The injectors fit the same rails but instead of fitting USDM 550's you'd fit Hi-Impedence 650cc injectors from Power Enterprise.

The big thing with JDM supra's is that they come with small (NA) brakes usually...you'll have to hunt one out that comes with the US/UK spec 326mm 4Pot brakes....or add "big brake" setup to your getting it on track costs.

The JDM Supra's are actually lighter as standard. As they have less kit.
 

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I would think NA Supras would make good practice cars, not fast, but a bit easier on the wallet for maintenance. I'll find out soon enough. :)
 

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FLZ_Boy said:
I would think NA Supras would make good practice cars, not fast, but a bit easier on the wallet for maintenance. I'll find out soon enough. :)
Lighter too :)

Buy an NA, part it out, drop in an NA-T setup, go racing.

Fast, cheap, and you don't feel bad about gutting a TT :lol:
 

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Over 10 years on SF....
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Most people find it easier to make gobs of power on a huge turbo with a bad powerband then spend the time and money to fine tune a track car. Generally people who buy Supra's know what kind of power they can make, and have that in mind when modding their car. Personally w/ my JZA70 I want all around performance over a huge dyno number.
 

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I spent 3 years NA (with TT brakes, eibach/tokico, 245/275 and then TT sway bars) before going NAT. A great platform and loads of fun to drive, but short on power especially the long uphill at Road America.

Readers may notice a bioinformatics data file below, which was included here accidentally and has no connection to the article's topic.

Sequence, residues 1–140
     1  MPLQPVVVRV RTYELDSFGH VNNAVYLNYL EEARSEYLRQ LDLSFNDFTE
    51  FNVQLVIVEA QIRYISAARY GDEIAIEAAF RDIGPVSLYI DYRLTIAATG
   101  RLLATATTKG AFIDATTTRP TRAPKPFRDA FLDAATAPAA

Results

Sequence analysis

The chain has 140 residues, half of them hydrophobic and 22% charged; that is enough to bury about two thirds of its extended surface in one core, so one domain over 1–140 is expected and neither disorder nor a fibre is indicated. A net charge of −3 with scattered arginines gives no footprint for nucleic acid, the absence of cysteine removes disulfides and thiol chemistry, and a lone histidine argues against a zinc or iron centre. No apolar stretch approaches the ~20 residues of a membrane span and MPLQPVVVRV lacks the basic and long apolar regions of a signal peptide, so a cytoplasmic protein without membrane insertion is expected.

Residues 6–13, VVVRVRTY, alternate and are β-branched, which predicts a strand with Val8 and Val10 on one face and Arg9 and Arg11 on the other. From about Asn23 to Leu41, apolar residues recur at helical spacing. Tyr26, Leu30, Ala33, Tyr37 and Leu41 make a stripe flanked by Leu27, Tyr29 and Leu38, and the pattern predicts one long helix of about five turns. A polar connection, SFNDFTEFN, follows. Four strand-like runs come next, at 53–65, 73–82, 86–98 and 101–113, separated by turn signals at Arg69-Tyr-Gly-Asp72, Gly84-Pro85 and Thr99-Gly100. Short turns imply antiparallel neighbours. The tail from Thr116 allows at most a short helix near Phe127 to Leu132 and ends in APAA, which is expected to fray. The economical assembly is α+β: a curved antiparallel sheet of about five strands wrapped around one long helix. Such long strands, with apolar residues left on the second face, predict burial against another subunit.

I'm now on my 2nd year with the turbo. This year at 355rwhp. 8 or 9 events (HPDE) in 2006

I'ts a long road to turn an NA into a track car as once you go with big power you will need the tt drive train

Jon
 

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JKAG said:
I spent 3 years NA (with TT brakes, eibach/tokico, 245/275 and then TT sway bars) before going NAT. A great platform and loads of fun to drive, but short on power especially the long uphill at Road America.

I'm now on my 2nd year with the turbo. This year at 355rwhp. 8 or 9 events (HPDE) in 2006

I'ts a long road to turn an NA into a track car as once you go with big power you will need the tt drive train

Jon
Did you have to use an oil cooler and PS cooler for your NA?
 

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Its hard to know. I did not have an oil temp gauge until I went NAT.

My turbo is set up for thermal efficiency (a PTE 61 in its efficient zone at 8-15PSI with a relatively rich 12.3:1 AFR) and with an oil cooler I still see high oil temps at 12 PSI. I'd definitely recommend an oil cooler with any turbo.

As far as PS, well there might have been a liitle fluid around the reserviour, but I didn't really notice it untill after the turbo and the oil temps caused me to pay close attention to cooling. It is a rellatively cheap and easy thing to put in.

Don't forget brake ducts to help keep the brake fluid cool also. This is definitely an issue in an NA even with TT brakes